K. Hen. Pardon me, Margaret ;-Pardon me Rich. l'll prove the contrary, if you'll hear me
sweet son;

speak. The earl of Warwick, and the duke enforced me. York. Thou canst not, son ; it is impossible. Q.'Mar. Entorced thee! Ait thou king, and will

Rich. An oath is of no moment, being not took be forced ?

Before a true and lawful magistrate,
I shame to hear thee speak. An, timorous wretch! That hath authority over him that swears :
Thou hast undone thy self, thy son, and and nie; Henry had none, but did usurp the place;
And given unto the house of York such head, Then, seeing 'twas he that made you to depose,
As thou shalt reign but by their suiferance.

Your oath, my lord, is vain and frivolons.
To entail him and his heirs into the crown,

Therefore, to arms. And, father, do but think,
What is it, but to make thy sepulchre,

How sweet a thing it is to wear a crown;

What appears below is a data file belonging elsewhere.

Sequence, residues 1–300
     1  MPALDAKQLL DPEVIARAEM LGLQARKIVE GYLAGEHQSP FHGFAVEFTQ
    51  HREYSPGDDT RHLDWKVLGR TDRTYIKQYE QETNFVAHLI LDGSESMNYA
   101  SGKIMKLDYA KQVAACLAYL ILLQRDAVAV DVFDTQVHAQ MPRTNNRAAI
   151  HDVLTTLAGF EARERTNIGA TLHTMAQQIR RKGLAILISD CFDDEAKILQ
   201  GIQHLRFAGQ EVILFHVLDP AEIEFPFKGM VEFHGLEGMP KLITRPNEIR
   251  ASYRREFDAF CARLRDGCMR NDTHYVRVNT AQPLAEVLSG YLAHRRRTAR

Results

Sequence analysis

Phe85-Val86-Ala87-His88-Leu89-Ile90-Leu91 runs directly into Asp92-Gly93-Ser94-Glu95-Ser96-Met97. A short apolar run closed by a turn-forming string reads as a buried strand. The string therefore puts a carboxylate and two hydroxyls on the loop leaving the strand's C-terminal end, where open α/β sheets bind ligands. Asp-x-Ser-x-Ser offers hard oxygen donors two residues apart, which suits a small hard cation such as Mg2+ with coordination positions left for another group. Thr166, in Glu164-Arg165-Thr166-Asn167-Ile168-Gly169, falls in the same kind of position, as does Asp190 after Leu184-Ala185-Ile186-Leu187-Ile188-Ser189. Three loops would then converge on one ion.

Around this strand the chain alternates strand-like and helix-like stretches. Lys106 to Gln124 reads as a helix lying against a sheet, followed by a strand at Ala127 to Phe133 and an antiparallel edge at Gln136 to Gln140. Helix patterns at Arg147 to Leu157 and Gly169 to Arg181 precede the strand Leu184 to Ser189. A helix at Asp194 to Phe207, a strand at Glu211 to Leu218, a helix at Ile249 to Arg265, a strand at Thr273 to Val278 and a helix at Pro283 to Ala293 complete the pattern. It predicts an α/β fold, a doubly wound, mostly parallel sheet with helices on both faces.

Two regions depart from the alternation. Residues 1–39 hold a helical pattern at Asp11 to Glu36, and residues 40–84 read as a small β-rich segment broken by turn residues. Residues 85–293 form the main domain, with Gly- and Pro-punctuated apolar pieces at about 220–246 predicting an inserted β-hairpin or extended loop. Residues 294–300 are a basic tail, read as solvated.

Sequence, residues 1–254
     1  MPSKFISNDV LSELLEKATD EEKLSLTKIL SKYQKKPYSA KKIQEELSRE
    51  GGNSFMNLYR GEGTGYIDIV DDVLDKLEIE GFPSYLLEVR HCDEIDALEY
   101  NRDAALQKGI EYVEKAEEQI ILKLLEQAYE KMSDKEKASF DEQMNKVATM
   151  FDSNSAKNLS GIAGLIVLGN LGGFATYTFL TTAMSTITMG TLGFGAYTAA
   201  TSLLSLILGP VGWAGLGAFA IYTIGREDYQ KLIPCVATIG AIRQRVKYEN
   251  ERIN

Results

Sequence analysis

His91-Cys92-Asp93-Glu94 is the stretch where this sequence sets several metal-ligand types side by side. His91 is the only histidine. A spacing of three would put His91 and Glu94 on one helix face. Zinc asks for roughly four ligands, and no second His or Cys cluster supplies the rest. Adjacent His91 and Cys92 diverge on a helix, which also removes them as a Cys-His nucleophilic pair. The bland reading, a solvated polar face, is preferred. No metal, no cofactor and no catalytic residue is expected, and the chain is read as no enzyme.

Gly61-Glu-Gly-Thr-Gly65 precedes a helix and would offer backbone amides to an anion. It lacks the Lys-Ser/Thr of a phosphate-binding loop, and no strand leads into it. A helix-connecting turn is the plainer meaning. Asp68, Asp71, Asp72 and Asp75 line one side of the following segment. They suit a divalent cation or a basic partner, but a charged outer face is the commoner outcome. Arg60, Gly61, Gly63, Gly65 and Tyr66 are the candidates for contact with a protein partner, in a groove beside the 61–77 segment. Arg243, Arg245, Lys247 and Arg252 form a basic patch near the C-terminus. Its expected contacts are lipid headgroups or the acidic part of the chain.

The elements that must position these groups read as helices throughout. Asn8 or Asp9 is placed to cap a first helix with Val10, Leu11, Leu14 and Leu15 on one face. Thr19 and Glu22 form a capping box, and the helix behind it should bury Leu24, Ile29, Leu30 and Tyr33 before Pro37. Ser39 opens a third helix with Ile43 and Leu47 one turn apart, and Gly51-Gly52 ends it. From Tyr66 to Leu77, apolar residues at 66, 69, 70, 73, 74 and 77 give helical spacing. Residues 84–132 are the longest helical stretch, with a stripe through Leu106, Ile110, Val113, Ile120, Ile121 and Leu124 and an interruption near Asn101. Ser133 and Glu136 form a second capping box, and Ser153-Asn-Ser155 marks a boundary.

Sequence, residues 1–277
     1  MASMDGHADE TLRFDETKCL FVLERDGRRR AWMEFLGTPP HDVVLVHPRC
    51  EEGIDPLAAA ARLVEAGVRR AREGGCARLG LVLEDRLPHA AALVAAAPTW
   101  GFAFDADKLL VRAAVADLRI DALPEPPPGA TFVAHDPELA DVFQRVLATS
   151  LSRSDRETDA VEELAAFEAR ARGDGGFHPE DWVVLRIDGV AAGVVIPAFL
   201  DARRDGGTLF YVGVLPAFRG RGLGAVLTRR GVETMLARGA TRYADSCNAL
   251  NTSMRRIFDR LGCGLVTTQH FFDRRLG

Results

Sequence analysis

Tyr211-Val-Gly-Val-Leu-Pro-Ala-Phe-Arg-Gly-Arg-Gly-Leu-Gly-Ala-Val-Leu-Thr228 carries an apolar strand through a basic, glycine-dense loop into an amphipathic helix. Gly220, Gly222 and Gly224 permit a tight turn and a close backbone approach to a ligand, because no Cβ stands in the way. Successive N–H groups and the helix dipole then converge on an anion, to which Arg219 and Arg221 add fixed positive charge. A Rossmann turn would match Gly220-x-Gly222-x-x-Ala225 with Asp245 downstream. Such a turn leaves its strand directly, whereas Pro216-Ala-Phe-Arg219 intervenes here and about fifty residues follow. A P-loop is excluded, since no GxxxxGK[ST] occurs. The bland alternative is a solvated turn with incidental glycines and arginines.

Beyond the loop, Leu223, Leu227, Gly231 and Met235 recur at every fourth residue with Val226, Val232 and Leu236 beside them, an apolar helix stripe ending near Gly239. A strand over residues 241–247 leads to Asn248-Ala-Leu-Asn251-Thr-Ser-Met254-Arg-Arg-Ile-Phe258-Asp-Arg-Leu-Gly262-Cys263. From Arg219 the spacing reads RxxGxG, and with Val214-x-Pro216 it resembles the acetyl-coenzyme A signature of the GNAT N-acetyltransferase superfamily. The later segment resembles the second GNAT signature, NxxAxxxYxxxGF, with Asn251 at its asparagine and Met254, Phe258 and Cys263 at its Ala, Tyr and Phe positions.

And creep into it far before thy timei

Within whose circuit is Elysium,
Warwick is chancellor, and the lord of Calais; And all that poets feigp of bliss and joy.
Stern Faulconbridge commands the narrow seas; Why do we linger thus? I cannot rest,
The duke is made protector of the realm;

Until the white rose, that I wear, be dyed
And yet shalt thon be safe? Such safety finds Even in the lukewarm blood of Henry's heart,
The trembling lamb, environed with wolves.

York. Richard, enough ; I will be king, or die.-
Had I been there, which am a silly woman, Brother, thou shalt to London presently,
The soldiers should have toss'd me on their pikes,

And whet on Warwick to this enterprise.-
Before I would have granted to that act.

Thou, Richard, shalt unto the duke vi Norfolk,
But thou preferr'st thy lite before thine honour : And tell him privily of our intent-
And, seeing thou dost, I here divorce myself, Yon, Edward, shall unto my lord Cobham,
Both from thy table, Henry, and thy bed,

With whom the Kentishmen will willingly rise :
Until that act of parliament be repeal'd,

In them I trust; for they are soldiers,
Whereby my son is disinherited.

Witty + and courteous, liberal, full of spirit.-
The norihern lords,

that have forsworn thy colours, while you are thus employ'd, what resleth more, Will follow mine, if once they see them spread :

But that I seek occasion how to rise ;
And spread they shall be; to thy fool disgrace,